In Florida alone, Dennis killed 10 people and caused an estimated $1.5 billion in damages.
Part of the record-breaking 2005 season, Dennis was the second punch to Florida’s northwest coast. Nine months earlier, Hurricane Ivan, nicknamed Ivan the Terrible, landed a left hook with 130 mph winds and extensive flooding, although the major damage was further west in Santa Rosa County and Pensacola, where the storm surge reached 15 feet. The storm destroyed a quarter mile of the bridge across Escambia Bay. At sea, Ivan sunk seven oil rigs and set five others adrift. Even more costly was the damage to underwater pipelines. Some were moved 3,000 feet while others were lost, buried under 30 feet of mud, according to a study by the United States Naval Research Laboratory. A monitoring buoy 100 miles south of Mobile, Ala., recorded a wave of more than 53 feet as Ivan approached. The hurricane killed 14 people in Florida and caused $13 billion in damages across the southern United States. (Three other hurricanes — Charley, Frances and Jeanne — struck other parts of Florida in 2004).
From 2000-2009, 53 tropical storms or hurricanes struck Florida, causing an estimated $64 billion in damages. Homeowners in high-risk areas like the Gulf Coast continue to pay the cost through soaring insurance rates. Some say they have been unable to sell their homes because the buyers can’t obtain insurance, so getting a mortgage is all but impossible.
Oh, what a tale of woe! $64 billion in damages in eight years in Florida alone! But, consider this:
From FY 2000 through the first half of FY 2008, the federal government provided $4,829,508,096,600 in flood insurance assistance (Presidentially declared emergencies are separate) and in FY 2007 alone Florida collected $292,373,395,700 (that's $292+ billion). So, where did the money go? Some of us have been nattering about $9 billion that went missing in Iraq after the invasion. Meanwhile, the State of Florida, in the eight years for which totals are available (FY2000 - FY2007) has managed to do what with over $1.7 trillion? The GAO doesn't know.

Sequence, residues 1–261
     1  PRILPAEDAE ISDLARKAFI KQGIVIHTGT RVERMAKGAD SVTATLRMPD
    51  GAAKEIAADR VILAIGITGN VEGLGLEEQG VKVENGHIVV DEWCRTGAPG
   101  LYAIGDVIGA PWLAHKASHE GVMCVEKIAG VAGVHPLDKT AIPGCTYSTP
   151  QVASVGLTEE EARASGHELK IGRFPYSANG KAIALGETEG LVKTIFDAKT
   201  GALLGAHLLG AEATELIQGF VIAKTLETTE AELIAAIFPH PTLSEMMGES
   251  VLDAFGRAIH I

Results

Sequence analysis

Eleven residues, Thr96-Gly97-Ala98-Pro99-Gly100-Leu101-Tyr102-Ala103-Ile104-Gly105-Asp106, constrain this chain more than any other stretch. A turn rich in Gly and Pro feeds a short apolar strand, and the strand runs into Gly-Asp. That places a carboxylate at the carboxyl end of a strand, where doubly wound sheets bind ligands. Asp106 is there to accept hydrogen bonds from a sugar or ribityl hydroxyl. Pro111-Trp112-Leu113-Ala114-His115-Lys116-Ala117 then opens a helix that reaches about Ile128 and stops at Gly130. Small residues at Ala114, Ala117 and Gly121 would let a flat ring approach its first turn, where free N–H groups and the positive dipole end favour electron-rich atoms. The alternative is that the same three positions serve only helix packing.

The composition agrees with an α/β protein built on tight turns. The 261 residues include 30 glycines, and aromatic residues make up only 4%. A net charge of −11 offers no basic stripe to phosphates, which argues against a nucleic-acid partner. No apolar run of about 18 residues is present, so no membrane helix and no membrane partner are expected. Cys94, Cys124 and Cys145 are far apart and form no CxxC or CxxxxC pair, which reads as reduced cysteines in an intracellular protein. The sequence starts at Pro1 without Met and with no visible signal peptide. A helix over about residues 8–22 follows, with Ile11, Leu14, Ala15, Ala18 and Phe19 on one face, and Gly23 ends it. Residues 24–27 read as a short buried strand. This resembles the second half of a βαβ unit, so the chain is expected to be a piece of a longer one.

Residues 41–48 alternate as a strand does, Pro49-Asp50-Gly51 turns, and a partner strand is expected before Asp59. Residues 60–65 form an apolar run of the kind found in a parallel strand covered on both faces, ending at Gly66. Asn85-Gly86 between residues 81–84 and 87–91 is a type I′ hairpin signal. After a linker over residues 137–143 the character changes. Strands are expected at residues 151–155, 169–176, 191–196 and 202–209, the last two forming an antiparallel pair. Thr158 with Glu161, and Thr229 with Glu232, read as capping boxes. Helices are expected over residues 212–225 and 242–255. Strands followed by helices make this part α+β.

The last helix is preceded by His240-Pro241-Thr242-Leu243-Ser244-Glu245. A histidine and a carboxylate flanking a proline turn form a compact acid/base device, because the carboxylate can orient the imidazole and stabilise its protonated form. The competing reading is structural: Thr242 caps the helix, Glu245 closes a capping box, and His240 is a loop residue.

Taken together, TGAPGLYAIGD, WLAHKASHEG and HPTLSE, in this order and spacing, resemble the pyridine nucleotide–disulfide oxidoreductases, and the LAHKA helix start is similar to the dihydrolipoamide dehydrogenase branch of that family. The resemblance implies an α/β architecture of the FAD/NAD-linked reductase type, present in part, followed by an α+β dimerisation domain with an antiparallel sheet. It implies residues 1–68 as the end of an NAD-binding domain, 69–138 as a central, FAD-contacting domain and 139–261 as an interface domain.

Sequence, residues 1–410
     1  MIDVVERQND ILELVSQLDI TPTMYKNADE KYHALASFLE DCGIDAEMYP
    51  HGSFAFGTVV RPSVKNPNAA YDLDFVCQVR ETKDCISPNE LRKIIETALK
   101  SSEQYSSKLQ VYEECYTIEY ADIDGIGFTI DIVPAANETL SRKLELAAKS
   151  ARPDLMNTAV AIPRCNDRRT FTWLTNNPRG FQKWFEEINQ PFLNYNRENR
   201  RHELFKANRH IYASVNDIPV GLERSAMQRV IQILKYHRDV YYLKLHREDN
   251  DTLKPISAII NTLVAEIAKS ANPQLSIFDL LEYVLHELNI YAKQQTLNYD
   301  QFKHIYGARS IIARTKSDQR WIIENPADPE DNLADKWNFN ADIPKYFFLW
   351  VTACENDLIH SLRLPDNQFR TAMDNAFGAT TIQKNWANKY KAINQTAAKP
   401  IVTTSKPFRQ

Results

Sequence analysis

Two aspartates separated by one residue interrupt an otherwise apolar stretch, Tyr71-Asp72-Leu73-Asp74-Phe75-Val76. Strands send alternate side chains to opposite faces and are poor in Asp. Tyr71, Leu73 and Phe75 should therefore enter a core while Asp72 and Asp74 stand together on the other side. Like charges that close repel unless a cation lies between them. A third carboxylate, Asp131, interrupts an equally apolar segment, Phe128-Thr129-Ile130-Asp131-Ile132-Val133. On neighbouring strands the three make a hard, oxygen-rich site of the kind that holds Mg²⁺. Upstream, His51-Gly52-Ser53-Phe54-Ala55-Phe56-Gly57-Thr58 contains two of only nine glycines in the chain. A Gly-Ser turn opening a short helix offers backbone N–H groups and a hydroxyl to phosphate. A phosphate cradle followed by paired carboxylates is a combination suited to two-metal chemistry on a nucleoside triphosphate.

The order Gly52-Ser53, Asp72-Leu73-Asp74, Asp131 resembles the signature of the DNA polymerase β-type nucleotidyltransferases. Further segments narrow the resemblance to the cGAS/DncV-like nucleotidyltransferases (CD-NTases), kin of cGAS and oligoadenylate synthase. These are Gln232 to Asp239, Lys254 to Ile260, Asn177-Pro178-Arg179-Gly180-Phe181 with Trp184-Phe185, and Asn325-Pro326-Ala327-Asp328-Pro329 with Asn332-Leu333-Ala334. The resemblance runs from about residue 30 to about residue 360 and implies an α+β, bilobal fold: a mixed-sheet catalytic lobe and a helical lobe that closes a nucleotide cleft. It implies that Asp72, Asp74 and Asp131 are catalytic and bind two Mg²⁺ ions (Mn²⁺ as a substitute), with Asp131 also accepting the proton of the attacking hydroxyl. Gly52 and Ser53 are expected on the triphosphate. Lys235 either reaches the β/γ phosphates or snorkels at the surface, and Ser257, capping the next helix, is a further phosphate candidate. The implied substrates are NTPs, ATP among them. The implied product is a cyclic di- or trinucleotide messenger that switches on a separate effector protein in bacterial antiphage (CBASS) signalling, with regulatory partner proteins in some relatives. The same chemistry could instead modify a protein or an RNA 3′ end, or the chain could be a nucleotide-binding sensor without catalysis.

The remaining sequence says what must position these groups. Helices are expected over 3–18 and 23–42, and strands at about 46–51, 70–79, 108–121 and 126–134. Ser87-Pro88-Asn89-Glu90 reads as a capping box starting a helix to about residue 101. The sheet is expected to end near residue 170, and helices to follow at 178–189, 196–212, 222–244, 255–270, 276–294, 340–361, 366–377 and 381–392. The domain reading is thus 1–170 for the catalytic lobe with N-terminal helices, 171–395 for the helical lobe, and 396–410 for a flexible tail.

It seems fair to argue:
In the last decade, the federal government has spent more money subsidizing the flood insurance industry than it has on either the Iraq war, Social Security payments, or Medicare. While these well-known programs attract mass media attention and foment public debate, billions more were quietly spent on federally-backed flood insurance. While little of this amount is actually payed out to policy holders, hundreds of billions of dollars are made by the financiers of the government's payout funds. According to the spending database, this has amounted to over four trillion dollars of federal debt -- and that is just in the last eight years.
Specifically, in Florida where the annual payout more than doubled for flood insurance (from $138 billion to $292 billion) between 2000 and 2007, Social Security payouts went from $20 billion to $27 billion for an obviously aging population. Given the connections we now know to exist between the banksters and the insurance industry, flood insurance would seem to have been part of the scam.
In the good old days, it was fire insurance that served to exclude some populations from potentially valuable real estate, as well as to artificially inflate commercial values and insurance rates. The "ownership society" put the bulls eye on home owners of all kinds and flood insurance became part of the exclusionary scheme...or scam. And the taxpayers paid for it!